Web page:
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Are your fears holding back your career?

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Are your fears holding back your career?

What scares you the most when you think about your career? Interviews, presentations, pitching; sometimes the fear can seem relentless. To mark the UK’s ‘Face Your Fears Week’, we’ve been researching common worries in the workplace and how to tackle them.

If you’re the kind of person to let fear hold you back, you’re not alone, but it’s time to make a change! We can help you find your dream role, and we hope that the expert advice that we’re about to offer will increase your chances of making a good impression with your prospective new employer.

Most common fears in the workplace

To get an idea of the kind of situations that create the most anxiety among the British public, we set up a survey, which asked 750 people what they dreaded the most.

The most common answer to our survey was public speaking. 40% of people admitted to getting pre-presentation jitters, more than any other workplace fear.

Public speaking topped the list for both males and females, across each age category. Talking to an audience is daunting, no matter your age or title. It’s a common fear that we all at some point have to overcome, especially if we want to work our way up the career ladder.

The second most prominent answer in our survey was job interviews. Obviously, everyone gets a little nervous when they have a job interview, it shows you care about the outcome. However, interviewers will be looking for confident candidates, and under so much pressure you may struggle to perform. When you know you’re going to be faced with difficult questions, it’s understandable that you’ll feel tense. Yet many of us speak openly about how interview nerves can often ruin our chances for success.

Strangely, it isn’t the young professionals who find interviews the most daunting. Those in the 44-54 age category were more likely to rate interviews as their biggest fear than the 18-24 category, 21% compared to 17%. This could perhaps be down to the older category having more responsibilities, such as a mortgage and family, to consider when preparing for new job interviews. Having so many financial commitments can result in the pressure being cranked up.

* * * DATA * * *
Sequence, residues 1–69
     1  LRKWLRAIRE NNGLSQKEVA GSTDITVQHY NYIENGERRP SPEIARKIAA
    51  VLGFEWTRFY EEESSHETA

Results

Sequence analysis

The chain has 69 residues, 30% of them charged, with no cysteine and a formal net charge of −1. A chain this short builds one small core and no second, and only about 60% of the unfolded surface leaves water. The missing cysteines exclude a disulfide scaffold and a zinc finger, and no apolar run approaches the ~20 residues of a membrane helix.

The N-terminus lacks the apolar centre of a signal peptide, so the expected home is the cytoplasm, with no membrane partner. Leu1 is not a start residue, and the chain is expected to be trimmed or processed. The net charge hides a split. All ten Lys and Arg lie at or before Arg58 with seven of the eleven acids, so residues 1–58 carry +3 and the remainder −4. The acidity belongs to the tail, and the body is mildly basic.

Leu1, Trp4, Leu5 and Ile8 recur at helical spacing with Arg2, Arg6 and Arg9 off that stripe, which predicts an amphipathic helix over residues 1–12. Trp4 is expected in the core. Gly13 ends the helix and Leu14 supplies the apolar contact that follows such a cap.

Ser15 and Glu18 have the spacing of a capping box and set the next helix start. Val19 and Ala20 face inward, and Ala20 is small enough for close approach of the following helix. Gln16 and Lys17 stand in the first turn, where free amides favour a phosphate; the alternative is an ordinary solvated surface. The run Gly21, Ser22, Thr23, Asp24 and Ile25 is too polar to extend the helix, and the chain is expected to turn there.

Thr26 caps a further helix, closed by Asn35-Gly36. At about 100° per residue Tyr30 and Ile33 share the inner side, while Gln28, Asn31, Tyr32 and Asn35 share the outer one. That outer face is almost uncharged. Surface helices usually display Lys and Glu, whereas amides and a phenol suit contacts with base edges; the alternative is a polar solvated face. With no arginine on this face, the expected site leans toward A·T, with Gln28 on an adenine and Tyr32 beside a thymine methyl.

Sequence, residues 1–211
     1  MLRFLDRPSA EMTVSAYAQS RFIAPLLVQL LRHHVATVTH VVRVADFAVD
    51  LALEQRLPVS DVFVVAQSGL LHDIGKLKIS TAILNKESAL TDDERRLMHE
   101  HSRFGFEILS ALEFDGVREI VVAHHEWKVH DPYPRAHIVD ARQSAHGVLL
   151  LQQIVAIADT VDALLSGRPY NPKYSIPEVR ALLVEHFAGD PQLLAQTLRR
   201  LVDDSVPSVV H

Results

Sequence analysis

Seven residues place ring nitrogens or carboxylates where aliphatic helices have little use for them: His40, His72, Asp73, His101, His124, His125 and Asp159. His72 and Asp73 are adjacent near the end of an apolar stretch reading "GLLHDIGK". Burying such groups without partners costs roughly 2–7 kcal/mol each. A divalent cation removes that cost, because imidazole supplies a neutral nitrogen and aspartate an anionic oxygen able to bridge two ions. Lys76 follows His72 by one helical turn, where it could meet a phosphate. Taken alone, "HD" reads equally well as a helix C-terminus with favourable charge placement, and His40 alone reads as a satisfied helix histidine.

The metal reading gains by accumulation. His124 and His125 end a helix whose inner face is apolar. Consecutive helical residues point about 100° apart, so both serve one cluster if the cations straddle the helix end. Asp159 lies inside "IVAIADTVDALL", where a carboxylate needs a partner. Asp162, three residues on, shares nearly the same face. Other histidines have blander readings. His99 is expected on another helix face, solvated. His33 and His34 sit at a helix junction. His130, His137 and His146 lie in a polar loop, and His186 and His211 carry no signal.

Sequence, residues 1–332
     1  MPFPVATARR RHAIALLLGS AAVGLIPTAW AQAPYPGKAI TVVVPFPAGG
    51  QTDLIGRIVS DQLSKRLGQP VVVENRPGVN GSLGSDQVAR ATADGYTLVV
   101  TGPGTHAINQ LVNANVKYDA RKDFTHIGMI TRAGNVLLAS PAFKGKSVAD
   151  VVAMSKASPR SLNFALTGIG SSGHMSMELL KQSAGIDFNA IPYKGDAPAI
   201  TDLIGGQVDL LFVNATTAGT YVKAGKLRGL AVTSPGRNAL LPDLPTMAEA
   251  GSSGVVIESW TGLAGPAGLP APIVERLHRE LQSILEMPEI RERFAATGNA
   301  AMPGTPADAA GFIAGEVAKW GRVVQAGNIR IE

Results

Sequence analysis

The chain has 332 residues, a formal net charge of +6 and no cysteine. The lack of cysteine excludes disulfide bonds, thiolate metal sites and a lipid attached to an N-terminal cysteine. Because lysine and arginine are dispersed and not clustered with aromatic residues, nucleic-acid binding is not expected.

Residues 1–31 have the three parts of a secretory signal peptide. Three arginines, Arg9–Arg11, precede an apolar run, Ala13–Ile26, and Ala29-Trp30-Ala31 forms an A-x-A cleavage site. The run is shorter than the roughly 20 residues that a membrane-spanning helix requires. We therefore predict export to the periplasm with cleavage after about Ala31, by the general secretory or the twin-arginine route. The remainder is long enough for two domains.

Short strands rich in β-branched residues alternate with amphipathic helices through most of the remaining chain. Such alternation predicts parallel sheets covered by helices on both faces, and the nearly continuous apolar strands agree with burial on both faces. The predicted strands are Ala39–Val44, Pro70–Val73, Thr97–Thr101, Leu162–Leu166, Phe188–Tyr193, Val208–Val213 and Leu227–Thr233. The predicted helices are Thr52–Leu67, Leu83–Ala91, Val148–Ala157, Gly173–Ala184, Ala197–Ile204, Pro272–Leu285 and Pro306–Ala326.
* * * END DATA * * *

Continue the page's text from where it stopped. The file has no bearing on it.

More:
Various other concerns that came from our survey included pitching, voicing concerns to superiors and performance reviews.

We’re all in the same boat, but some deal with pressure better than others. So, how do you ensure that your professional fears don’t hinder your career? We asked a selection of company directors and managers - people who’ve been around the block a few times, shall we say - to share some pearls of wisdom.

Public speaking tips

When it comes down to it, public speaking is a matter of confidence and experience. The more practice you do, the more you’ll feel comfortable.

●     Our Managing Director, Steve Thompson, says practice does indeed make perfect: “I remember being terrified as a teenager at the prospect and getting a great piece of advice from my Dad. He said that everyone was nervous about public speaking, there is no shame in that and that the only way to overcome that fear is to force yourself to do as much public speaking as you can. The idea being that each time you do it you get a little more confident. 

“The trick is to get the early stage of your public speaking practice out of the way when you’re younger so you’re competent by the time you need to do it in a business environment, but even so there are still great courses, clubs and techniques out there to help you overcome your fear and become a competent speaker.”

●     There is no way to ‘wing it’ when it comes to public speaking. No amount of improv experience will hide the fact you’re unprepared. You honestly cannot practise enough when it comes to public speaking.

●     Everyone has their own ways of preparing, but be warned that not all tips are helpful. Rob Mead, Marketing Manager of Parcel2Go, was given one piece of bad advice in particular, which could have caused quite a bit of awkwardness! “[I was once told to} pick a person at the front and make eye contact with them as much as possible to ensure you’re facing the audience. This turns a group event into an awkward one-to-one and let’s face it, it’s a bit creepy!” While it’s nice to pick out a friendly face in the crowd, it’ll become obvious to others that you’re focusing your attention on one person. Try to engage the entire audience - the best public speakers make the crowd feel like they are playing their part, even if they’re not saying anything in return.